Not following the rules, or acting like a dink in the room, could get you banned from it. The length of the ban is at the discretion of the channel ops, but could be anywhere from 5 minutes to 24 hours. Repeat offenders could find themselves banned for much longer times, or just kicked out forever.
If you're banned, suck it up and wait. Don't try and get around it, it just pisses the ops off and extends your ban. If you want to appeal your ban, the person to talk to is the one who banned you, or Syd.
Getting Along Smoothly
The IRC room is not an especially strict place. We like to have fun and dick around a bit. It is still possible to get on a lot of people's nerves in the chat, however. These are just guidelines for behaviour, not hard and fast rules, but keep them in mind nonetheless. You'll probably have a lot less fun in the chat if you go around stepping on people's toes.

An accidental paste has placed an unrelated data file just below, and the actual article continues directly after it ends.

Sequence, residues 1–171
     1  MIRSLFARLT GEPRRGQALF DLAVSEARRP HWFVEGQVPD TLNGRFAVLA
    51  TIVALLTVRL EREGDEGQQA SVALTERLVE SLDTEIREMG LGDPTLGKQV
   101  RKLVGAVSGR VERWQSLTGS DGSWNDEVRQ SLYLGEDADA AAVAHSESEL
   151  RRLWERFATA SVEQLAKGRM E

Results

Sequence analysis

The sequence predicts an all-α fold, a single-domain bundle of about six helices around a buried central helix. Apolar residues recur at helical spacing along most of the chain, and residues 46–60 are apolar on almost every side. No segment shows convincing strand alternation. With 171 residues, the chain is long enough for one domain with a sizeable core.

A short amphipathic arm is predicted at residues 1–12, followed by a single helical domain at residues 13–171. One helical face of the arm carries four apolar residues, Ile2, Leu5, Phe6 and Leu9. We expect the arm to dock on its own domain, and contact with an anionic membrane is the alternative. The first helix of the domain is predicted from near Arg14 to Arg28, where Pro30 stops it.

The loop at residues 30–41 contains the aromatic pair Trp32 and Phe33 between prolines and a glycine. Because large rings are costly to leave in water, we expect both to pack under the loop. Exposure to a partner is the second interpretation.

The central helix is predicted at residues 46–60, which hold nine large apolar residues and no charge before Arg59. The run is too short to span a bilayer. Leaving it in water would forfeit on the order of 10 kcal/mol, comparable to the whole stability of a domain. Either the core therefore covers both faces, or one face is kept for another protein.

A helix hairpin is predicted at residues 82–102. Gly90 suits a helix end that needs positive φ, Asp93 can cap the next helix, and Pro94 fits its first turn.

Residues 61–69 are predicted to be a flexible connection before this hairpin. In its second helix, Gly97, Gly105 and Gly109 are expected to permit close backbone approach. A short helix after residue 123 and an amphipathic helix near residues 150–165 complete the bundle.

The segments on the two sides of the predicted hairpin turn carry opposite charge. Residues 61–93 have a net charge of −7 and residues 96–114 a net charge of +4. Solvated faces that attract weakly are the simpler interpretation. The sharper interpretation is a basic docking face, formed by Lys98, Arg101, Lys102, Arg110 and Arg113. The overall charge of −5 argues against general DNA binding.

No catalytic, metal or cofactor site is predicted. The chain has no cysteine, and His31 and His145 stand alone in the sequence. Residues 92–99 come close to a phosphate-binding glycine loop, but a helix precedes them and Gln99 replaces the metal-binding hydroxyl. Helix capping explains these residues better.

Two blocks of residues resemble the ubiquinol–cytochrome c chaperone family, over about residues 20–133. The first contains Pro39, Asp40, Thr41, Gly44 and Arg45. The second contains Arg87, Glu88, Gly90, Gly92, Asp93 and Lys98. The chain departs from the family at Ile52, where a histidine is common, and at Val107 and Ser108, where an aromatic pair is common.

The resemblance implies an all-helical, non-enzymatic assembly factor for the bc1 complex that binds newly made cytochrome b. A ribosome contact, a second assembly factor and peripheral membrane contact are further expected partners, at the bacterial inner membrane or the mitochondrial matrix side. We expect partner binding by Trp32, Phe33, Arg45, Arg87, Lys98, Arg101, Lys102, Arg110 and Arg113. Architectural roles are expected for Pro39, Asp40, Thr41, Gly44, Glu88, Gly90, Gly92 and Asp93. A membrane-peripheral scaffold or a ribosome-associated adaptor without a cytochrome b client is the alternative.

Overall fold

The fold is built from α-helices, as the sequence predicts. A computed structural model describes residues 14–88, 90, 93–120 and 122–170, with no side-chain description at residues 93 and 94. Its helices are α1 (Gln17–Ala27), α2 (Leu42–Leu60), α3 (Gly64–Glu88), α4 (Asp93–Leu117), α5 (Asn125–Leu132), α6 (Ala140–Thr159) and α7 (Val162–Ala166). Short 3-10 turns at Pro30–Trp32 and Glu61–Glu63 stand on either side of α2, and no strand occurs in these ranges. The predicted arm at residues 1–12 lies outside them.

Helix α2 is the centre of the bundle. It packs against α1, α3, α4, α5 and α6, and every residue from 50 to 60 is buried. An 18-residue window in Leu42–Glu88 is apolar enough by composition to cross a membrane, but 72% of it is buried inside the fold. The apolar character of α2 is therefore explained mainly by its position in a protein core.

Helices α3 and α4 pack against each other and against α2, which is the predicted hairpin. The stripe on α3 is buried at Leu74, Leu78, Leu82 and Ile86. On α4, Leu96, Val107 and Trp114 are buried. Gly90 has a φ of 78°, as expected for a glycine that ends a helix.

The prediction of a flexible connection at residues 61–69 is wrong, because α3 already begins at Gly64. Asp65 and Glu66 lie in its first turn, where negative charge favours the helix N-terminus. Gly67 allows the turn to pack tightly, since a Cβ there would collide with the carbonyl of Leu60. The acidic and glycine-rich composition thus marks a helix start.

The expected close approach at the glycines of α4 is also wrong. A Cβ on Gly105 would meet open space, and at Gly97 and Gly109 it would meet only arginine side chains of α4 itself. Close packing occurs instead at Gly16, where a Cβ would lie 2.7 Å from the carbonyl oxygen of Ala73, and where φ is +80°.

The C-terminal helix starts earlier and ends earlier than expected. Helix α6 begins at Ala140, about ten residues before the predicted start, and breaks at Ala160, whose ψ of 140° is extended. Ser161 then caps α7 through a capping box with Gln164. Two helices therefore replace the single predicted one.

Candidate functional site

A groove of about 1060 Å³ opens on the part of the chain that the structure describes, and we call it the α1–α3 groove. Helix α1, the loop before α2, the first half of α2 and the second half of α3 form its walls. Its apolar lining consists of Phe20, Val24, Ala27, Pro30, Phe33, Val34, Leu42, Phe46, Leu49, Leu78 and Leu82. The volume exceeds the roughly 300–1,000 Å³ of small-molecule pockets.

- First, please note, the IRC is not the forums. While we are gathered around the same site, and there is undoubtedly a huge overlap, the IRC does its own thing. A lot of people are huge in the IRC but hardly notable on the forums and vice versa, several people who come to the IRC do not have forum accounts, got them long after they'd been coming to the IRC, and/or use them very sparingly, and the IRC has its own jokes and norms. In short, the IRC is not a section of the forums. It is more of a subculture among the larger SLF community. Things or people that might be popular on the forums might not be popular in the IRC, and we have our own set of rules. Again, most IRCers visit the forums, and there is a large overlap, but please do not complain about any disparity you notice.